Narrative Psychology: The Storied Nature of Human Conduct

By Theodore R. Sarbin | Go to book overview

competence of the treating analysts (see Spence, 1982) and their reasons for hearing the material in just the way they do.

A faithful account of the listening process and a full description of the context of discovery will very likely have the appearance of a disconnected series of insights, strung together by time. Surprise, bewilderment, and faint glimmers of understanding probably all circle one another during the average hour in much the same way that they appear during a dream state, and here we come to the greatest danger of narrative smoothing. The seamless account of the clinical detective cannot do justice to the way in which the patient's responses are first vaguely apprehended, then recombined with remembered fragments of earlier sessions or with pieces of theory to arrive at some partial understanding which often proves completely wrong and misdirected. An honest account must document these failures and begin to tell us when an hour ended in complete dismay, when an interpretation was misunderstood and intensified the resistance, and when -- because this also happens -- associations were properly decoded and the simple meaning of a dream or symptom stood out clearly for the first time. Current narrative accounts tend to focus only on successes and misrepresent the number of false hypotheses which must be discarded or the number of times the treating analyst was just plain wrong. No wonder that Gray warns us of narcissistic injury.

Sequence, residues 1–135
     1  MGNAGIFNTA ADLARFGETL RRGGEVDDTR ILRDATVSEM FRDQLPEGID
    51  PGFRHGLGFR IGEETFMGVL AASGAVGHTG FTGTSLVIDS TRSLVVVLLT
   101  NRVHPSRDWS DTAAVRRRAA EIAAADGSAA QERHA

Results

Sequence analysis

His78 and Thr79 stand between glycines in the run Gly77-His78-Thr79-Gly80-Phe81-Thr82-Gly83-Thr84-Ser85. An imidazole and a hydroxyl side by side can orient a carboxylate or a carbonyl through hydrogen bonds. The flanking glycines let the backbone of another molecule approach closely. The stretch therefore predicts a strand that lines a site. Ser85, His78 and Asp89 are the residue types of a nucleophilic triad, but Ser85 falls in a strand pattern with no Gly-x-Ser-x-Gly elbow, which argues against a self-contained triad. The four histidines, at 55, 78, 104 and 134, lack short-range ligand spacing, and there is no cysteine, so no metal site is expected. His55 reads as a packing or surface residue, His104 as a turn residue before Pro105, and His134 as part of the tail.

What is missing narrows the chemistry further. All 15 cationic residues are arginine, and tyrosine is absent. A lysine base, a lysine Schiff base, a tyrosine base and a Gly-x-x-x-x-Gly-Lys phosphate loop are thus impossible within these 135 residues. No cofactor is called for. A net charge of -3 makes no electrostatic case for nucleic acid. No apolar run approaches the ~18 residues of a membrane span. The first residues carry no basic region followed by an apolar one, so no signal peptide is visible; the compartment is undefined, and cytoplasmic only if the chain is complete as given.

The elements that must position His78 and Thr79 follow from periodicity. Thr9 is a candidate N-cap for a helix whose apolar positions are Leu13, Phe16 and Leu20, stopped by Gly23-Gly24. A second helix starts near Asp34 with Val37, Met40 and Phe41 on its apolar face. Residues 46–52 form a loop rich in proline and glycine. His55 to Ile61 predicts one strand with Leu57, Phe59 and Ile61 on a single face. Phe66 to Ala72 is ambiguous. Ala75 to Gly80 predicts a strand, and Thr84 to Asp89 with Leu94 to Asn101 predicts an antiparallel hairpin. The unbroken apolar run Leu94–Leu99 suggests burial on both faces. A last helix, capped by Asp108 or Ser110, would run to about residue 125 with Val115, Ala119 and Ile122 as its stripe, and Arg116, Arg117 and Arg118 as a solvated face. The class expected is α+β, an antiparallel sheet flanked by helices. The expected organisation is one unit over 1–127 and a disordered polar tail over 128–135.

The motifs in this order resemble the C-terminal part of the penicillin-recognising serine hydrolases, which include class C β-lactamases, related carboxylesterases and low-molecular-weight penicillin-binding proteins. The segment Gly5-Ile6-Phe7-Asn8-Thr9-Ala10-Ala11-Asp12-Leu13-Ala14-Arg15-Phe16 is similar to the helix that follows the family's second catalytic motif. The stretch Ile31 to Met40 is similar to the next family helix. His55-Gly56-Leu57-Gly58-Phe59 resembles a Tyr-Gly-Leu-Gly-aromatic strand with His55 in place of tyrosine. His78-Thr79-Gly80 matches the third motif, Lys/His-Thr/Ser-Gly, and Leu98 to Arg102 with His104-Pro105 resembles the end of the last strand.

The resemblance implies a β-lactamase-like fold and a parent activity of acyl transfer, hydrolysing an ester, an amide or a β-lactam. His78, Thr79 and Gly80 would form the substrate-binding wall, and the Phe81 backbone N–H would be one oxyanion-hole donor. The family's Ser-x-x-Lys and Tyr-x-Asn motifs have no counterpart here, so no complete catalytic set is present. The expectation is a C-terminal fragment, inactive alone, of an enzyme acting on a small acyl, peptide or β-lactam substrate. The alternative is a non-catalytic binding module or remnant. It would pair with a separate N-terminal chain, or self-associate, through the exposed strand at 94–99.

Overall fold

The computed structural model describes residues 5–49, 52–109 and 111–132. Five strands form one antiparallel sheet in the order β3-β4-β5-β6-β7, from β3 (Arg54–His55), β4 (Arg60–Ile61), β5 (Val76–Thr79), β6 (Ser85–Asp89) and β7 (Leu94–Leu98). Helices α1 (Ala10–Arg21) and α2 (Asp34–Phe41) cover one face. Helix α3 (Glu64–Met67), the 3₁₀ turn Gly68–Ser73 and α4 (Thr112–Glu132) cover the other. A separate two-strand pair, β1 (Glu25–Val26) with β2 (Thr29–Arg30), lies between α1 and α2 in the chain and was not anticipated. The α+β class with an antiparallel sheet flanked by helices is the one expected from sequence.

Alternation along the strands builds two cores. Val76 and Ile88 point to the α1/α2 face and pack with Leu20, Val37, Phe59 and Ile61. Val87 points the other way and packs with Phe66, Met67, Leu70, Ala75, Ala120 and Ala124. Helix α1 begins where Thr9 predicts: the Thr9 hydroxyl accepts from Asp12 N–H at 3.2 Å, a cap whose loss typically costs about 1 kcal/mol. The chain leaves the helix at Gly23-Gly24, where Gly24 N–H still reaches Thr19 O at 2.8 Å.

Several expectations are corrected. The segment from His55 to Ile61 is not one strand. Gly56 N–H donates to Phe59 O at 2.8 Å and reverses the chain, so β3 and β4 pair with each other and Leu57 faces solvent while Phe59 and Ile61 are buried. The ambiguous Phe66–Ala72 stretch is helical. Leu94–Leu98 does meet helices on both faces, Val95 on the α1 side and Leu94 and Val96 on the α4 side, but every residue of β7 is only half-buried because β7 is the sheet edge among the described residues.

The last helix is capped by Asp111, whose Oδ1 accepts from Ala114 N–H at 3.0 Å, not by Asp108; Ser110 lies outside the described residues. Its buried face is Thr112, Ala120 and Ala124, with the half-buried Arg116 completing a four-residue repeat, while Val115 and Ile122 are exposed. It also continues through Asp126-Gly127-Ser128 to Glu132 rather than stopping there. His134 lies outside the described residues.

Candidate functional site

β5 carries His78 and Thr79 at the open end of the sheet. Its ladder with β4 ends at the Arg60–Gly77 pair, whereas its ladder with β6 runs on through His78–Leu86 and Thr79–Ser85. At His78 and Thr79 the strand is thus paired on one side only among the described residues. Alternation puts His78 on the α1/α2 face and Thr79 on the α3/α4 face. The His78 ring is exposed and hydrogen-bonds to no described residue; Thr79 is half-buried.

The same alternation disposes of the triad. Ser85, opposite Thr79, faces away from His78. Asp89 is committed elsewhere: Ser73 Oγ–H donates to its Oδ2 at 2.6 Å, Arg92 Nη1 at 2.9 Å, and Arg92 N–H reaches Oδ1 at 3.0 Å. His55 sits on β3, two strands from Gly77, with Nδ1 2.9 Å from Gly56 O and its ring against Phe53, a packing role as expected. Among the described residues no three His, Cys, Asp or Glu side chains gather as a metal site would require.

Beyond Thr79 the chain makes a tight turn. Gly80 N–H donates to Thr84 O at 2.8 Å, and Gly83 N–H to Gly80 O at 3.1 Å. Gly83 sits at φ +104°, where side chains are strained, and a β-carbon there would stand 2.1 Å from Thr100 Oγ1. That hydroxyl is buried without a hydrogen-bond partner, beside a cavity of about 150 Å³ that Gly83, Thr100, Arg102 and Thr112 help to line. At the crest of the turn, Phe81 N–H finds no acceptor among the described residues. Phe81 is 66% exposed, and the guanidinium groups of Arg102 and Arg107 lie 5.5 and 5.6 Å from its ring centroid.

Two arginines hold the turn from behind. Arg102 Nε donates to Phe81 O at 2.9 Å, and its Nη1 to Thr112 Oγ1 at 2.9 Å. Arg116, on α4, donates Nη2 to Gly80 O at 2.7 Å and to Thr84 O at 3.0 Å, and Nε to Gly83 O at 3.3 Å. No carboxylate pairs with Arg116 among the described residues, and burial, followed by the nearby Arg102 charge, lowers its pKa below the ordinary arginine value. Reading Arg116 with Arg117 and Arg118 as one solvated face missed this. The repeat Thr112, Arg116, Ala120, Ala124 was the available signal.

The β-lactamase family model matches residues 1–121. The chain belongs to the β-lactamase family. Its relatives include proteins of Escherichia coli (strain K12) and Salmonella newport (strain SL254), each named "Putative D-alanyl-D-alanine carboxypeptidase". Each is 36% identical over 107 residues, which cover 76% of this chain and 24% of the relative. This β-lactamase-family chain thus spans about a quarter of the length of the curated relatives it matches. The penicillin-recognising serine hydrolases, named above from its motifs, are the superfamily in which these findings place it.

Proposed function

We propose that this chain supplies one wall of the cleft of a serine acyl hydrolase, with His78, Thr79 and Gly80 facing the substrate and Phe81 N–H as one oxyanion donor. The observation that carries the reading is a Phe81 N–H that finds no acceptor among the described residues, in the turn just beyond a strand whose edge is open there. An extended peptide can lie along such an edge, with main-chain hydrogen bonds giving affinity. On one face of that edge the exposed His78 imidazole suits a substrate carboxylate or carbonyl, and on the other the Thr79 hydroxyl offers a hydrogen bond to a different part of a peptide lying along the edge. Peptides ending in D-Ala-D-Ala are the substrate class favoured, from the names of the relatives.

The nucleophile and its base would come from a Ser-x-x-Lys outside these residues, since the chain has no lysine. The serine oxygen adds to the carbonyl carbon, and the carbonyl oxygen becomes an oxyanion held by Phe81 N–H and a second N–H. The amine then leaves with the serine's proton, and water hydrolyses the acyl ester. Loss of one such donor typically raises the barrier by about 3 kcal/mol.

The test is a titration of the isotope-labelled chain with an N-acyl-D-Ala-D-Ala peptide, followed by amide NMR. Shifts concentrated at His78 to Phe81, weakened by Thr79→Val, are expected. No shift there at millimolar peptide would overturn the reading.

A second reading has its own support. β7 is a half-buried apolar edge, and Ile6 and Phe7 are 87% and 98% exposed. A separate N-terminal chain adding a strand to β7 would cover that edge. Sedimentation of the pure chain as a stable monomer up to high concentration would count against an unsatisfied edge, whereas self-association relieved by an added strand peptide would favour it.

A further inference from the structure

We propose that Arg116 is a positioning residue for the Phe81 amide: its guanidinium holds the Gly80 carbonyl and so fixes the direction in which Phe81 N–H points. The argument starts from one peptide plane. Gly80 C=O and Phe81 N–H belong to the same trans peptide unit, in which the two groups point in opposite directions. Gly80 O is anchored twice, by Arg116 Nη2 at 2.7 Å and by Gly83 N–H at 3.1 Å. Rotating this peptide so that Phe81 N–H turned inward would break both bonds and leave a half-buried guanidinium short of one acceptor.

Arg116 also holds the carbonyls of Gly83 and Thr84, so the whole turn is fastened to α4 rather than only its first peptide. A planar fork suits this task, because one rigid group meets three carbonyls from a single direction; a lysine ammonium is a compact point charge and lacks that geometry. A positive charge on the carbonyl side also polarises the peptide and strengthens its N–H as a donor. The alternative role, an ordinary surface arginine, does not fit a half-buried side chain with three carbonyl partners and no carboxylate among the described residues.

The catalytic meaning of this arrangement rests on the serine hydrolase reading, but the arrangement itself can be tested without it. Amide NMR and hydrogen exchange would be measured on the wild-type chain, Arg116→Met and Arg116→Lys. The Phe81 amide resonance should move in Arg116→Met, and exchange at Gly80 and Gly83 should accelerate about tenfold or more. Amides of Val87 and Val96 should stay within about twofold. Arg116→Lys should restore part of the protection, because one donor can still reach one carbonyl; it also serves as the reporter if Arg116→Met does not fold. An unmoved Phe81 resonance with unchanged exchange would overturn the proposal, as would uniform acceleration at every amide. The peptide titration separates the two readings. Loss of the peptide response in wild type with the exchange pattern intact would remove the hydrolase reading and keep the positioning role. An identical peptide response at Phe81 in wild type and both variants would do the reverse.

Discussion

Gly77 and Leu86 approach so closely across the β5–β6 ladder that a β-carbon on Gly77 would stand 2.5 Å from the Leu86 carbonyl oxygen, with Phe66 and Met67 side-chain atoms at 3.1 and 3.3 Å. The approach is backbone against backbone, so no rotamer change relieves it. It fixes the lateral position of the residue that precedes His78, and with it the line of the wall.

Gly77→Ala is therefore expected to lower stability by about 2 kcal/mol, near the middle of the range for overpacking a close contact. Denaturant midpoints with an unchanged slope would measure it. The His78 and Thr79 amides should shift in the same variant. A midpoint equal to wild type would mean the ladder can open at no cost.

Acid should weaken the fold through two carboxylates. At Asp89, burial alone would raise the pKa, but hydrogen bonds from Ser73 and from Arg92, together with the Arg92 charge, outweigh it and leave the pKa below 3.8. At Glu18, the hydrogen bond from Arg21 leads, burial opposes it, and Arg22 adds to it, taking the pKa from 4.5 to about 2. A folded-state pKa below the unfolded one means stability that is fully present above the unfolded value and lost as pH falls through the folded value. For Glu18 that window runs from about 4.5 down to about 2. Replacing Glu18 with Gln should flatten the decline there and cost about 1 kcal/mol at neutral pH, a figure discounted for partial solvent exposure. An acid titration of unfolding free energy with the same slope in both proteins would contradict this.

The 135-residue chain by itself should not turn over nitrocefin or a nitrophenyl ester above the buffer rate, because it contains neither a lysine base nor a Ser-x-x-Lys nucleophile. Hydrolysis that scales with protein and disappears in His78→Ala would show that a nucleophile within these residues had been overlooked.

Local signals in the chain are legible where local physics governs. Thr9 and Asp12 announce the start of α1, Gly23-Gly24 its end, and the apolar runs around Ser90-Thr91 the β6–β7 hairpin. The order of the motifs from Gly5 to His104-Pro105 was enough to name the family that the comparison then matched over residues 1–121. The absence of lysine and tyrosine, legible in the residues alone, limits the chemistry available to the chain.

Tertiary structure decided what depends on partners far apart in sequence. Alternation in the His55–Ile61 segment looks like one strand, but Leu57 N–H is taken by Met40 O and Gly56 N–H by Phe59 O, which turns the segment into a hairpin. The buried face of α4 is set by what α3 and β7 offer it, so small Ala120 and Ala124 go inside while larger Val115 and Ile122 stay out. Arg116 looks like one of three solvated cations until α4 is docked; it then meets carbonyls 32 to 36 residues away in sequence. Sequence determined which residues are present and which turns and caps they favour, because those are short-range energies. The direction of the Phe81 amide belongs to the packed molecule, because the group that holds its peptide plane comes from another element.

We begin to appreciate how narrative smoothing -- particularly Level II -- can be compared to secondary revision during dreaming. Such revision has the aim of processing the chaotic dream as experienced and turning it into something more followable and which conforms more closely to the narrative shapes we like to hear. A similar process seems to overtake our clinical experience and make it more palatable for outside consumption. But the stereotype has dulled our appreciation of the excitement, wonder, and surprise contained in the actual event, and the stereotype will teach us nothing worth knowing. The true discoveries lie ahead.


REFERENCES

Barratt B. ( 1977). Freud psychology as interpretation. In T. Shapiro (Ed.), Psychoanalysis and Contemporary Science (Vol. 5). New York: International Universities Press.

Brooks P. ( 1984). Reading for the plot. New York: Knopf.

Bruner J. ( 1984). Narrative and paradigmatic modes of thought. Invited address to the American Psychological Association, Toronto.

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